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A conversation with Carol J. Pierce Colfer (CIFOR/Cornell University), with contributions from Seema Arora-Jonsson (Swedish University of Life Sciences), Markus Ihalainen and Anne Larson (CIFOR)

In the lead-up to the 25th IUFRO World Congress being held in Curitiba, Brazil from 29 Sept. to 6 Oct., a group of scientists from around the world conducted an assessment of the impact of addressing the U.N. Sustainable Development Goals (SDGs) on people and forests.

As part of the assessment, CIFOR researchers Anne Larson and Carol J. Pierce Colfer contributed to a chapter, led by Seema Arora-Jonsson, focusing  on the relationship between forestry and SDG5: Achieve gender equality and empower all women and girls. We took the opportunity to interview lead author Carol, to which contributors Seema and Anne added insights, to reflect on some of the key insights and messages coming out of the assessment.

Q: In contrast to the U.N. Millennium Development Goals (MDGs), the SDGs framework recognizes gender equality and women’s empowerment as a standalone goal. Do you think this marks a significant departure from the way in which gender equality has conventionally been approached in international development?

A: In theory, all of the SDGs are intimately interconnected, to be taken as a ‘whole cloth,’ so technically none of the SDGs are intended to stand alone.  However, it is true that many governments are indeed approaching them as stand alone concerns.  Given my own skepticism about the effectiveness of international agreements, I wonder how much better the SDGs are than the MDGs, though having more specific goals and targets that can be seen as involving women really does represent an improvement over the MDGs. They also provide an opportunity, in language stronger than the MDGs, to promote gender equality – and research on gender – at multiple levels of governance. But the MDGs and SDGs aside, I do see a much more serious concern about addressing gender disparities in recent years than I did earlier on.  I think there’s been something of a sea change in attitudes, globally.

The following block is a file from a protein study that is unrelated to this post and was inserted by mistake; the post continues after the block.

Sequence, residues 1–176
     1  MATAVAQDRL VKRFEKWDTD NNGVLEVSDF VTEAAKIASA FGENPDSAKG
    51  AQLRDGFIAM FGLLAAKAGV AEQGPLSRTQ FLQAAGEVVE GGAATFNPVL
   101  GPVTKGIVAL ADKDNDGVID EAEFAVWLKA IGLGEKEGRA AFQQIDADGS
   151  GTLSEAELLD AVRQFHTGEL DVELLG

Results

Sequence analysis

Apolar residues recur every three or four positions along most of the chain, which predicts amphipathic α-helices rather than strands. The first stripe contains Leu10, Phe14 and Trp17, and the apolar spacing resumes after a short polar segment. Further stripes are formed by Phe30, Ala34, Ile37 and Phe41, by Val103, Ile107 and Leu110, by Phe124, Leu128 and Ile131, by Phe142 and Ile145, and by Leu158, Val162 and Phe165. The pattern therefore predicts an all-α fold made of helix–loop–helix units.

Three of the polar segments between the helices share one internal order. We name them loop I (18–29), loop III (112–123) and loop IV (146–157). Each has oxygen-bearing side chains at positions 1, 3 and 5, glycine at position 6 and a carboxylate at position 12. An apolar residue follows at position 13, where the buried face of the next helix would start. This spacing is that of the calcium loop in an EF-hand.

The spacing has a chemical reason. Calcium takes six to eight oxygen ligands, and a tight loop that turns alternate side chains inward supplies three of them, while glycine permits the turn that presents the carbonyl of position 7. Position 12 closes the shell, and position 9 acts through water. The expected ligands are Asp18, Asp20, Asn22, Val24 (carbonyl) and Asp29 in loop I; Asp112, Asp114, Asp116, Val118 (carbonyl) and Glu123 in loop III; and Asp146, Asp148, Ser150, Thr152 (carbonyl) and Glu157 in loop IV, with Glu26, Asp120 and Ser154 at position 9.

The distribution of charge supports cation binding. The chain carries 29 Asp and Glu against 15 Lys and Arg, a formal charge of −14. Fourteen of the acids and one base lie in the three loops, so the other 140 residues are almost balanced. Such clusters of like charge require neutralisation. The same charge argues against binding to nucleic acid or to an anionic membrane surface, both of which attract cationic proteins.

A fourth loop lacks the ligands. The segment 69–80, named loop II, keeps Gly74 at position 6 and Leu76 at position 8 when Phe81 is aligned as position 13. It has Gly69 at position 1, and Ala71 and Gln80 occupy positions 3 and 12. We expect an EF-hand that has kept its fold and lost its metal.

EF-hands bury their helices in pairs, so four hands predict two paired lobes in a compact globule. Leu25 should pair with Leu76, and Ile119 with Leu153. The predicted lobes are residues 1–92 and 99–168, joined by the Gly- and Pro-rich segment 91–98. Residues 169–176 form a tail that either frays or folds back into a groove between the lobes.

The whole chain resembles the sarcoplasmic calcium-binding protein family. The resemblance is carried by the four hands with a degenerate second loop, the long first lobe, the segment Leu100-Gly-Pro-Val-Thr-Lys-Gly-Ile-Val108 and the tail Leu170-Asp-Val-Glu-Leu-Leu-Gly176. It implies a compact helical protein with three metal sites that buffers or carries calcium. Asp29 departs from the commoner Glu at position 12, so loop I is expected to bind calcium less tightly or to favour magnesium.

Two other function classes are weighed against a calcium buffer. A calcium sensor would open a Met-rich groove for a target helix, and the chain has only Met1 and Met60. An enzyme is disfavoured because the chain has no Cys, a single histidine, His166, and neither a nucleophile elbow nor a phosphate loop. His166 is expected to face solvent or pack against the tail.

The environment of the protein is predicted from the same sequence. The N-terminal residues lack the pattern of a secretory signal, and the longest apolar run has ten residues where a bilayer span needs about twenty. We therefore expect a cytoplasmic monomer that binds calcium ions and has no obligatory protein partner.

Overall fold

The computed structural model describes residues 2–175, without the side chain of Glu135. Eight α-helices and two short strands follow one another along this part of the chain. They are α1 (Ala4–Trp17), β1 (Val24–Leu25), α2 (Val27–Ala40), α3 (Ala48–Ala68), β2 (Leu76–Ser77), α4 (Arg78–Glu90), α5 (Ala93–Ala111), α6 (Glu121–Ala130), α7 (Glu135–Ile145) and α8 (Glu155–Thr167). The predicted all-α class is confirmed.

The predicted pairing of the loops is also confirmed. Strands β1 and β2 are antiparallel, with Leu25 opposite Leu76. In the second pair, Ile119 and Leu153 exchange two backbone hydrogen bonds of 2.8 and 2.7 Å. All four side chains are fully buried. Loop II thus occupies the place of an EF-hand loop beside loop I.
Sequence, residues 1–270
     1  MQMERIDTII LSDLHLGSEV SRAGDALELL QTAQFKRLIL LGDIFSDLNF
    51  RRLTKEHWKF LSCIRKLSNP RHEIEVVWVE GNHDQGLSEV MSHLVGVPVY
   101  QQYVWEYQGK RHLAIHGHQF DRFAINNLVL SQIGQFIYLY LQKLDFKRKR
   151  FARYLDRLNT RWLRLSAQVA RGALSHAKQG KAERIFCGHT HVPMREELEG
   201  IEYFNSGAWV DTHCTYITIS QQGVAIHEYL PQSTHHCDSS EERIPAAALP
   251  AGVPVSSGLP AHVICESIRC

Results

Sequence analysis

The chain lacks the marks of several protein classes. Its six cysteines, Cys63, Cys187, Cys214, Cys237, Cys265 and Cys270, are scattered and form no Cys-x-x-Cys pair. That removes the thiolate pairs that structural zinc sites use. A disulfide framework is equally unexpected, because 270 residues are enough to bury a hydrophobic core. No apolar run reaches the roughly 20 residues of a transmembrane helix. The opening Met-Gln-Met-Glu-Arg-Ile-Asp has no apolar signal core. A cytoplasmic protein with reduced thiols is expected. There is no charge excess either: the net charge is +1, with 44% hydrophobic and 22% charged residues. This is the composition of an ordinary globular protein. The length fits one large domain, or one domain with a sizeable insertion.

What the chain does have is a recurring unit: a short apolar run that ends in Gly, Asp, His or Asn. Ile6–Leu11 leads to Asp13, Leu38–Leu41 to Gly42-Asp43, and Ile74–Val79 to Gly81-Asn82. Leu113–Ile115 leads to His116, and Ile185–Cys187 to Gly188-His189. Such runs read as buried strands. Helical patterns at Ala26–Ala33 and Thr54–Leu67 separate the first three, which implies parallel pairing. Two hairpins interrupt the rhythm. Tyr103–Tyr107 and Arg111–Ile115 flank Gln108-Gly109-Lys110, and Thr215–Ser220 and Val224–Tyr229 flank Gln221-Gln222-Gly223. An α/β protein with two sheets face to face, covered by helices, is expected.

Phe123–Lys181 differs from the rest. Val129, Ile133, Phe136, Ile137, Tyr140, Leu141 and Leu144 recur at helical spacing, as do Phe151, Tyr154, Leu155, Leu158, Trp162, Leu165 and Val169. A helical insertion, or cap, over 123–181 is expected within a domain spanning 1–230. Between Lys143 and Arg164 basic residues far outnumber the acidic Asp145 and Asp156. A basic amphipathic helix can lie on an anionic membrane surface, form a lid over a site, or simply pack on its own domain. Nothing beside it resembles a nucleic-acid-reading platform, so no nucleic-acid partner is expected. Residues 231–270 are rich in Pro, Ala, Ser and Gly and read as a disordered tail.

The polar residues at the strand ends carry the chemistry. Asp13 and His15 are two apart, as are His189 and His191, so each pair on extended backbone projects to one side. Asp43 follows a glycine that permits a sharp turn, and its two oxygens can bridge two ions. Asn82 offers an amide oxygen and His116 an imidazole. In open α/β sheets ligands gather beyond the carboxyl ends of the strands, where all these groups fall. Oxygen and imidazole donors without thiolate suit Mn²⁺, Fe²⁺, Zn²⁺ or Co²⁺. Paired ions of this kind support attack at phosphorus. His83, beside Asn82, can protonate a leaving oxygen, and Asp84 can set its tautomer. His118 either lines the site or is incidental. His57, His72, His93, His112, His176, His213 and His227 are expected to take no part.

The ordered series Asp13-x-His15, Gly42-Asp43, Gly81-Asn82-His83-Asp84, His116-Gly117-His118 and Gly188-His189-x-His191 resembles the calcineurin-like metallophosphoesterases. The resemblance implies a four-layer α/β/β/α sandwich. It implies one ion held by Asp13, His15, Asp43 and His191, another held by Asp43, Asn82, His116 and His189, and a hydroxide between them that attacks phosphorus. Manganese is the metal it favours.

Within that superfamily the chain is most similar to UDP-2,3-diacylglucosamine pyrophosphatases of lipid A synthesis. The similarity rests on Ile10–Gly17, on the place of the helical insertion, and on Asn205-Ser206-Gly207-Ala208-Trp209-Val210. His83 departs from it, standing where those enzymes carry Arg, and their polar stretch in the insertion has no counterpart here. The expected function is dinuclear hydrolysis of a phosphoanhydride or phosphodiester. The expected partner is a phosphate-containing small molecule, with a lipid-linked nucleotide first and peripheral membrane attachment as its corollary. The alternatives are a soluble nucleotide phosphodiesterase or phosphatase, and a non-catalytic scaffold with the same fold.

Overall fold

Q: Target 5.1. refers to the elimination of discrimination against women and girls. This ambition was however already formulated some 40 years ago in the Convention on Eliminating all forms of Discrimination Against Women (CEDAW). Reflecting on the past decades, what are some of the key axes of discrimination in the forestry sector, and what progress has been made in addressing them?